I came up with a problem that's similar to the Set Cover problem but which I can't reduce down to any know problem. Does anyone have a good algorithm for solving this?

Given a set of elements U = {1, 2, ..., m} (the universe) and a collection S of n sets whose union equals the universe, what's the smallest sub-collection of S that intersects to produce a single element?

For example:

U = {1, 2, 3, 4, 5}
S = {{1, 4}, {2, 4}, {5, 2}, {1, 4, 5}}

If we want the smallest intersection that produces 4, we would need to intersect at least 2 sets {1, 4} and {2, 4}.

The current naive algorithm I have to do this involves

  1. Choose a set with the desired element
  2. Iterate over all unchosen sets, try intersecting with them and see if the intersection produces less elements than the original set but still include the desired element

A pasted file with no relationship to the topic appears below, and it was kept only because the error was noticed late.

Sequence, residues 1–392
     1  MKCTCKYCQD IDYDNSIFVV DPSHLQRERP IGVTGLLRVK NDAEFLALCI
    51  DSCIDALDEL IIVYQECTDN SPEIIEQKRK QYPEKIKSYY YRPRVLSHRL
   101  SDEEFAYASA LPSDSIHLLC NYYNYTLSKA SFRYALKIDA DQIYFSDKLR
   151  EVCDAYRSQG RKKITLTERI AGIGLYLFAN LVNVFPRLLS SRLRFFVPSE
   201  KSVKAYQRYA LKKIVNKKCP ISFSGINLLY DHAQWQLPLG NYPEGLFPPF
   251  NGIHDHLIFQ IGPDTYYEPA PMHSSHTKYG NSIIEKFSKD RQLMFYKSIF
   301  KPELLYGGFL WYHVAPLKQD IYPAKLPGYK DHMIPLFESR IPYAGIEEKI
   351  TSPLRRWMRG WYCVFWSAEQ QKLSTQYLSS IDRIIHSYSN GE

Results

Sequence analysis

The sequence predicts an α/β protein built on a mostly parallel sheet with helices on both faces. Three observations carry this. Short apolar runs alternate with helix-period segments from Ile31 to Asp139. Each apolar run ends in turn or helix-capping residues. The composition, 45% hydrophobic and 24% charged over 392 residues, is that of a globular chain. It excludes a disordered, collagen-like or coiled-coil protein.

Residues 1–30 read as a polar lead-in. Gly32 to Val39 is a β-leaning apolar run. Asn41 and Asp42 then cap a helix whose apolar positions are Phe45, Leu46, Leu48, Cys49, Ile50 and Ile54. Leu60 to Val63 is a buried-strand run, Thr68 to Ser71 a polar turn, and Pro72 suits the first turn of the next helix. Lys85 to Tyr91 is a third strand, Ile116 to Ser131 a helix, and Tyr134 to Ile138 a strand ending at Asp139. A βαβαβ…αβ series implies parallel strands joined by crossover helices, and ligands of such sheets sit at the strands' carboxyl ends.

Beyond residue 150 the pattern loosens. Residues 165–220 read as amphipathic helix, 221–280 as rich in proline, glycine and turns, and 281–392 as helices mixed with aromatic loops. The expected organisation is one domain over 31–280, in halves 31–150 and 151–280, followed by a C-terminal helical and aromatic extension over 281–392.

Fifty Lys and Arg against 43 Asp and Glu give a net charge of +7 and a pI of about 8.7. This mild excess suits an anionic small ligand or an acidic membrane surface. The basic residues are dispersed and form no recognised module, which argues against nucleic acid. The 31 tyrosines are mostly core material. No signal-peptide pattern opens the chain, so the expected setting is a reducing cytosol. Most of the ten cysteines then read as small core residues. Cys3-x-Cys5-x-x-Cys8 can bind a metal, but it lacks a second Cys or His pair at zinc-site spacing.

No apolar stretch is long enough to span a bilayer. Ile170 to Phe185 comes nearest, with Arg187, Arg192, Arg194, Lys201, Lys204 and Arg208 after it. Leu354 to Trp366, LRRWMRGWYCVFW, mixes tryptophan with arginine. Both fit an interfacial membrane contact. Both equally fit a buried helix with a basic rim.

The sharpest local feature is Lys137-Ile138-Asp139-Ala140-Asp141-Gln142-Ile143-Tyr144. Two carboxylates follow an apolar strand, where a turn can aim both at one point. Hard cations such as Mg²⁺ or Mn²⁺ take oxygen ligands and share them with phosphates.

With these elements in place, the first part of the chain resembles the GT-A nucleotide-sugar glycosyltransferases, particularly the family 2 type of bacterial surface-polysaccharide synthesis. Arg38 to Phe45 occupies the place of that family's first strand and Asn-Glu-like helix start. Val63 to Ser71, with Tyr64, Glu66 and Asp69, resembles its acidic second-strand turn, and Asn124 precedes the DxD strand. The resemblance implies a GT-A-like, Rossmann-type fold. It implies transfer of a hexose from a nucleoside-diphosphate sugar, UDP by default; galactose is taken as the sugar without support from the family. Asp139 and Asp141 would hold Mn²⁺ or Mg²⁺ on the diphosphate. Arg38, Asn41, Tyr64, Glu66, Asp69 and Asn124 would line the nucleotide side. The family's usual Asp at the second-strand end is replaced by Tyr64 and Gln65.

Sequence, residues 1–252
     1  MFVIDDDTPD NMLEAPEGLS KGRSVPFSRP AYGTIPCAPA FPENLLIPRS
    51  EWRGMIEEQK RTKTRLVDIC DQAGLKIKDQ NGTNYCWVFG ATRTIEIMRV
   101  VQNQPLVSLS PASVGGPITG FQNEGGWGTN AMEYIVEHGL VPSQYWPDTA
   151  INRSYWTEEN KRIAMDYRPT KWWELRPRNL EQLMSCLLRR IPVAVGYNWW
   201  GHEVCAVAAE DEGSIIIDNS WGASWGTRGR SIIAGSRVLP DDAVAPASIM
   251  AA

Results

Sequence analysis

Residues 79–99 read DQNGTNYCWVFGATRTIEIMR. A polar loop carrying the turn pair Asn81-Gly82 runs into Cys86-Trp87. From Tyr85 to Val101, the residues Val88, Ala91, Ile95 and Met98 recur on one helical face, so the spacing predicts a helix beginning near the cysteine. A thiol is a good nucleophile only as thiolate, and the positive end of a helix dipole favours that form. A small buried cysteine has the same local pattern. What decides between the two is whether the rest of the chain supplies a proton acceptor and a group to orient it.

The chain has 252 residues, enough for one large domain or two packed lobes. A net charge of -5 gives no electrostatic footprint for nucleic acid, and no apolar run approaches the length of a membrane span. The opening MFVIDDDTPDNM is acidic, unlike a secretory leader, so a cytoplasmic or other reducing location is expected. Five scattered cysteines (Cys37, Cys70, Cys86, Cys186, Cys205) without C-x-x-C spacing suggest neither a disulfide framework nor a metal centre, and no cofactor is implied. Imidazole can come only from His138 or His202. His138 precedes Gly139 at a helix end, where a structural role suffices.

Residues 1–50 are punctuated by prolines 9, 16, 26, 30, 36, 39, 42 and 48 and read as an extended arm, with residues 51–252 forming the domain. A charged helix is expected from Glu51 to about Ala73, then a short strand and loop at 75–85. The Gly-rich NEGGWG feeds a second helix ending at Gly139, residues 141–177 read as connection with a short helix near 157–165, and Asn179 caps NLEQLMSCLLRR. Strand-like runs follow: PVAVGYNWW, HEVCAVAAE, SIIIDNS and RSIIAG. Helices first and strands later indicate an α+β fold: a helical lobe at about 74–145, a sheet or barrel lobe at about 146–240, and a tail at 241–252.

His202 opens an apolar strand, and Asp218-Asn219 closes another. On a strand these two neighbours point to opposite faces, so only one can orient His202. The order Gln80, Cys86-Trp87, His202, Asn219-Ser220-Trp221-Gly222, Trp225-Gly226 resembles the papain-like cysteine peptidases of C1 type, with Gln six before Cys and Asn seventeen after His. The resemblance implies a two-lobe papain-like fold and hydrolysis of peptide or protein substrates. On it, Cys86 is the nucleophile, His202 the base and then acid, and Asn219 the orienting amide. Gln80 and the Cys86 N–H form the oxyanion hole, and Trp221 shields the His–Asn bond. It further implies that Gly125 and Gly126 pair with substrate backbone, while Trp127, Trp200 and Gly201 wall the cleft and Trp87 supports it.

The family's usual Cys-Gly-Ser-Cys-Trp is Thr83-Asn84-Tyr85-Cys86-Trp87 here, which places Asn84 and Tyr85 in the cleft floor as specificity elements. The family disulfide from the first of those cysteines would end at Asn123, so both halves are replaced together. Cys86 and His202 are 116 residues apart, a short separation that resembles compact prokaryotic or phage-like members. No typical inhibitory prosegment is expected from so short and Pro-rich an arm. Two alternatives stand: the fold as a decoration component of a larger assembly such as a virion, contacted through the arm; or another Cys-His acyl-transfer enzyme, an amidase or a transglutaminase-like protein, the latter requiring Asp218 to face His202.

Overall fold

3. For those that intersect and reduce the number of elements, we repeat the process with the intersected set recursively until we've tried all sets or we're down to the element

For a concrete application: I'm trying to find the minimum set of CSS classes on an HTML element that will select only that element.

1 Answer 1


Unfortunately your task is NP complete.

It is obvious that all sets from your solution should contain that single element (lets name it x). Also it is obvious that sets which doesn't contain x can't be included in the solution, so lets agree that they won't be present in S.

Lets create a new collection of sets S' = {S'k | Sk∈S | S'k = U\Sk} (i.e. every set consists of those items from universe that it didn't contain initially). In other words S'k defines the elements from U that will be removed from the intersection if we take Sk.

Now in order to solve the task you should select the minimum number of sets from S' which will cover U. Which is the definition of Set Cover problem you've mentioned in the beginning.

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